I want us to get along
June 29, 2008 11:39 PM   Subscribe

I want to have a normal sibling relationship with my youngest sister. How can I begin to do this?

I am the oldest sibling in my family and a male child to boot. I have two younger sisters, one who is about a year younger and one who is four years younger.

The middle sister and I get along great. We meet up every weekend and talk about things. It's nice.

My youngest sister is a different story. She and I never got along in the past. She always felt like I got preferential treatment from our parents, and has never let that go. She's a party girl, I'm a homebody. We used to fight physically as kids, and in more passive aggressive ways now that we are adults.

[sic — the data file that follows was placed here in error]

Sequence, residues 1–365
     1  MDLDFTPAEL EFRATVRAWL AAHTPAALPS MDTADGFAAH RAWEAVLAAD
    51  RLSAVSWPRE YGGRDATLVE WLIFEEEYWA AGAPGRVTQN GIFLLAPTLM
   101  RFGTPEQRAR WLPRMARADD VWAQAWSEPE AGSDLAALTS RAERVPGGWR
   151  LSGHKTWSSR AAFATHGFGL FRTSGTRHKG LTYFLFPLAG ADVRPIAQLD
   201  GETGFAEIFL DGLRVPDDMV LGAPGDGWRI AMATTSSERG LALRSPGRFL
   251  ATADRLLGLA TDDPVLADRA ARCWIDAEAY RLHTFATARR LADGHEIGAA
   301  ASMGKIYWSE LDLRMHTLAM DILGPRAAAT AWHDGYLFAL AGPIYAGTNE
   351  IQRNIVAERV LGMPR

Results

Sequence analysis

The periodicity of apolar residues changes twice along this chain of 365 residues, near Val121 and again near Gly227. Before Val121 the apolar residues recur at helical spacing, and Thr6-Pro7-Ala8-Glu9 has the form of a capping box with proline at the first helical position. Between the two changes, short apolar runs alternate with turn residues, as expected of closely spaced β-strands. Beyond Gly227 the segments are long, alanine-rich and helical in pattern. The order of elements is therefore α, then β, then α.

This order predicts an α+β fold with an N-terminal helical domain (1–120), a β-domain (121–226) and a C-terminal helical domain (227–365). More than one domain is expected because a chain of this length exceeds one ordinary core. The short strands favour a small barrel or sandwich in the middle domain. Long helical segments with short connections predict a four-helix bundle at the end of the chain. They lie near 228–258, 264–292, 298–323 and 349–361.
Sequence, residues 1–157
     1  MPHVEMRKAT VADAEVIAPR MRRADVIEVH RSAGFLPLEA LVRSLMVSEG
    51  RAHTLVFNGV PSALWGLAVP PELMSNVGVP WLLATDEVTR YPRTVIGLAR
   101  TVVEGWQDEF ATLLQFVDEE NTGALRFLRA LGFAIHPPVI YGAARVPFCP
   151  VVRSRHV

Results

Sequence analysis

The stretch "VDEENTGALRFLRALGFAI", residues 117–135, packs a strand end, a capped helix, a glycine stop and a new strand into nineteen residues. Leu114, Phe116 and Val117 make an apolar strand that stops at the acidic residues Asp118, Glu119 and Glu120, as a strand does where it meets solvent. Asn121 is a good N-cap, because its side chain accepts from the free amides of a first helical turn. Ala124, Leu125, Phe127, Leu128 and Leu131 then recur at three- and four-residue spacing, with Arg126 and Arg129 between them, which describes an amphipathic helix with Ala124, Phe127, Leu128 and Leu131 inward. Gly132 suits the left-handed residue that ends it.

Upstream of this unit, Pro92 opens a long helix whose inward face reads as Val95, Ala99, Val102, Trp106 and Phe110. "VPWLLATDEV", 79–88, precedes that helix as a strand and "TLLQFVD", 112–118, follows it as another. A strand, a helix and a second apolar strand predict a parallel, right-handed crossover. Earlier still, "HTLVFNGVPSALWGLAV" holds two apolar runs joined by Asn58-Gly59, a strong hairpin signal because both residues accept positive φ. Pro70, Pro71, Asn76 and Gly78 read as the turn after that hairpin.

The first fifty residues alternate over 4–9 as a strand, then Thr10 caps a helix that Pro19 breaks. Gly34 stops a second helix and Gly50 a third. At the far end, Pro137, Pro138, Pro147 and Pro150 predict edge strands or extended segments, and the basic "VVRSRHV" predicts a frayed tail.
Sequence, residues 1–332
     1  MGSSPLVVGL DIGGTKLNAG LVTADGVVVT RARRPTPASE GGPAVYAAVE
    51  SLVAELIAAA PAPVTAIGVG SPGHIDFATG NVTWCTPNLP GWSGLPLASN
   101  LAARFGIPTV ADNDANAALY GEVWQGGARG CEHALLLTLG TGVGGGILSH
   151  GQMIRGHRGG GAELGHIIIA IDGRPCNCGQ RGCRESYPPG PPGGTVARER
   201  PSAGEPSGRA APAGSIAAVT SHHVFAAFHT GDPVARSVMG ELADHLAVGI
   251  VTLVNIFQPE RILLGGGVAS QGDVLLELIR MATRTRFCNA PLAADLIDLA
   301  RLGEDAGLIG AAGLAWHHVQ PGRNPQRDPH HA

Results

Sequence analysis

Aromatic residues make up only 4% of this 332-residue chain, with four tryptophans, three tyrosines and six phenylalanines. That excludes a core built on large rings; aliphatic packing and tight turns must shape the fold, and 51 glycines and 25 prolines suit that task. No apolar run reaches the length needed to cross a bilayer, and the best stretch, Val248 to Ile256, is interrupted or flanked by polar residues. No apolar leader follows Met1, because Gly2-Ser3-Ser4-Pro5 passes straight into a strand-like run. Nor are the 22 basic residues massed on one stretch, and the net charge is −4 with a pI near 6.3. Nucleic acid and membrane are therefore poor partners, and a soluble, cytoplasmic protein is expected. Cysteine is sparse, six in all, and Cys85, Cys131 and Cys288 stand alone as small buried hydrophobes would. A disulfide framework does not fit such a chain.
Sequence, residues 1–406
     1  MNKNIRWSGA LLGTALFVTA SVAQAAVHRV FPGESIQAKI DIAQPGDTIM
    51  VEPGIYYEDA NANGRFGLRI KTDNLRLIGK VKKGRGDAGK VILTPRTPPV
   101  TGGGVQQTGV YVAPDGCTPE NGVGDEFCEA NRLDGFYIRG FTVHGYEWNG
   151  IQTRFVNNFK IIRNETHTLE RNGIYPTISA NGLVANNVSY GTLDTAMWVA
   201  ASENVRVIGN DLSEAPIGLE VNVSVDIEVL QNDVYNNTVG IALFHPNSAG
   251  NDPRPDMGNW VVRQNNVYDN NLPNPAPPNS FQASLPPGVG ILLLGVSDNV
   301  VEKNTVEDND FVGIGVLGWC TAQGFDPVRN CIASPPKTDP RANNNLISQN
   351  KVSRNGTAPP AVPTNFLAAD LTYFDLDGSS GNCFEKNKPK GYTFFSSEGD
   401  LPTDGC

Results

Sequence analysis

About 10 years ago, I tried to bury the hatchet with my youngest sis. I tried to be more understanding of her. I tried to reach out and talk to her more. She didn't totally rebuff me, but I could tell the interest was not there as much as it was for me.

And so it has gone on since then. We're in a sort of detente. It's just that I'm not happy with this. I love my sister and am proud of her. She's done well for herself and I want her to be part of my life. We haven't talked directly or by e-mail since 2006. I get updates on her from mom and I assume she does the same.

I want to build a relationship with my youngest sis, but have no idea where to begin. It's hard to know how to undo a lifetime of damage.

Any hints from the hive mind? Any questions or private suggestions can be directed to anxiousbrother@gmail.com